It was just a few days ago that the Warriors OG was talking about his brassy young teammate and explaining the benefits of a rookie being in such a fortunate position.
“He’s got a golden opportunity just to learn every single day,” the Eldest Warrior was saying, “whether we’re actually playing or practicing or just being around one another.”
The OG, David West, was referring to Jordan Bell, the gifted rookie who has a tendency to get caught up in his splendor.
West, 37, is widely respected, in his 15th season, a two-time All-Star with an illuminating worldview. He’d be a finalist if NBA players were to have a Most Interesting Man In The League competition.
West is someone from whom Bell, 22, could learn a lot by simply watching.
The latest example came Monday night in Los Angeles, where Bell in the third quarter offset a brilliant moment with a dash of immaturity before West later pulled a veteran move to punctuate a 116-114 Warriors win over the Lakers.
With roughly six seconds remaining after Kevin Durant dropped in the final bucket of the game, giving the Warriors the lead in OT, LA’s celebrity rookie Lonzo Ball was sprint-dribbling toward the Lakers basket. Seeing the potential for a second OT, West was sprinting upcourt to prevent it.
Racing between Klay Thompson and West, Ball entered the paint thinking he had split a napping Warriors defense for the game-tying basket. West, though, was tracking him from midcourt, taking flight a nanosecond after Ball tossed up a right-handed layup and smacking the shot off the backboard with 2,4 seconds left on the clock.
By the time Lakers forward Brandon Ingram recovered the loose ball 40 feet from the basket, all he could do was fling a 35-foot prayer that got nowhere near the rim.
Game over, the Eldest Warrior executing a fabulous chase-down block to put a padlock on one of the grittiest wins of this Warriors season.
A win that possibly would not have required 53 minutes if Bell had been a bit more aware of the consequences of celebrating himself in real time.
With the Warriors trailing 61-59 and a little less than eight minutes left in the third quarter, Ingram had dribbled around his defender, Pat McCaw, and then breezed by a statuesque JaVale McGee and saw a clearance near the basket. Ingram was thinking layup, giving the Lakers a four-point lead.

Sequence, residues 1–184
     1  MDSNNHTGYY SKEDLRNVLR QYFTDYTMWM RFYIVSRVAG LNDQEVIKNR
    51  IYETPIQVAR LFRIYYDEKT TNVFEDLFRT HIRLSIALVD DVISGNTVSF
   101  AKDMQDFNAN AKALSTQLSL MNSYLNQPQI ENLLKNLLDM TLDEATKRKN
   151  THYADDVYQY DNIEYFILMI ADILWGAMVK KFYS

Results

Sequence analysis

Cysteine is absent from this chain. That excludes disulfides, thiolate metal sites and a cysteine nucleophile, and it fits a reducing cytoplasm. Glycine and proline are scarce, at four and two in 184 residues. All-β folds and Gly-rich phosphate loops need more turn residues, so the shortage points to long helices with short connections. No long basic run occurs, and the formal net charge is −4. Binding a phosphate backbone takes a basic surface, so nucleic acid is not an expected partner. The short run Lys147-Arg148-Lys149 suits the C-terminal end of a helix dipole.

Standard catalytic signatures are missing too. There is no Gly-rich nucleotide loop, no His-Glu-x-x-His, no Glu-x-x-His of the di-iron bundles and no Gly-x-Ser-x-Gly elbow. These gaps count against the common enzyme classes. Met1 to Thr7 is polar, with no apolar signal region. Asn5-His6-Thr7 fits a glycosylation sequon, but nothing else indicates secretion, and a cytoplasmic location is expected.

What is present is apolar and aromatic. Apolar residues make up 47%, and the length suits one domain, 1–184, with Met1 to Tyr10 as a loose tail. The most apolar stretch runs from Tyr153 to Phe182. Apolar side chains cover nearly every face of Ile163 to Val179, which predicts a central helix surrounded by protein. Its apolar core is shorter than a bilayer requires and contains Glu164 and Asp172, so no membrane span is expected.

Seeing exactly what Ingram had seen, Bell hustled over from the weak side and rejected Ingram’s shot, with the Laker sprawling to the floor. It was fantastic play, and Bell knew it. So he took a moment to enjoy it, standing over Ingram, lying supine along the baseline, giving him triumphant glare.
Meanwhile, McCaw recovered the loose ball and was dribbling the other way. His layup bounced out, with the Lakers grabbing the rebound -- all before Bell could join McCaw and his teammates on the offensive end.
When the Lakers called timeout a few second later, Bell came off the floor and was met by Warriors coach Steve Kerr. Aware that Bell’s full engagement after the block would have given the Warriors a 5-on-4 advantage, the coach was disappointed.
“Tremendous block,” Kerr, after the win, told reporters in Los Angeles. “But we didn’t score at the other end. I think if he had just turned and sprinted, he probably would have had a tip dunk.”
Kerr and his staff believe in players having fun. They encourage it, but not at the expense of the game. Bell did what many rookies -- and some vets -- do after making a spectacular play. He took a moment to soak in his glory.
“You make a big play, you kind of have to let him know you're here,” Bell told reporters. “But Coach is right. I’ve got to run the floor. (I) possibly could've got a dunk on that possession if I would've got the blocked shot and ran. A lesson I keep learning as I'm playing.”
If West had taken a moment to enjoy Durant’s decisive shot, there might have been a second OT. But the OG won’t soak in his glory. Can’t, until corks start popping in the locker room and he’s able to share it with the team.
“Jordan’s absorbing a lot,” West was saying a few days ago. “A lot is being thrown at him. But he’s got good natural instincts and he’s active around the basketball. So he gives himself a shot to make plays when he’s out there.”
West recognizes Bell’s potential and probably wishes he had such athleticism. He never has. Maybe that’s why West doesn’t feel himself. He has to work, and it isn’t done until there is an NBA Finals postgame celebration.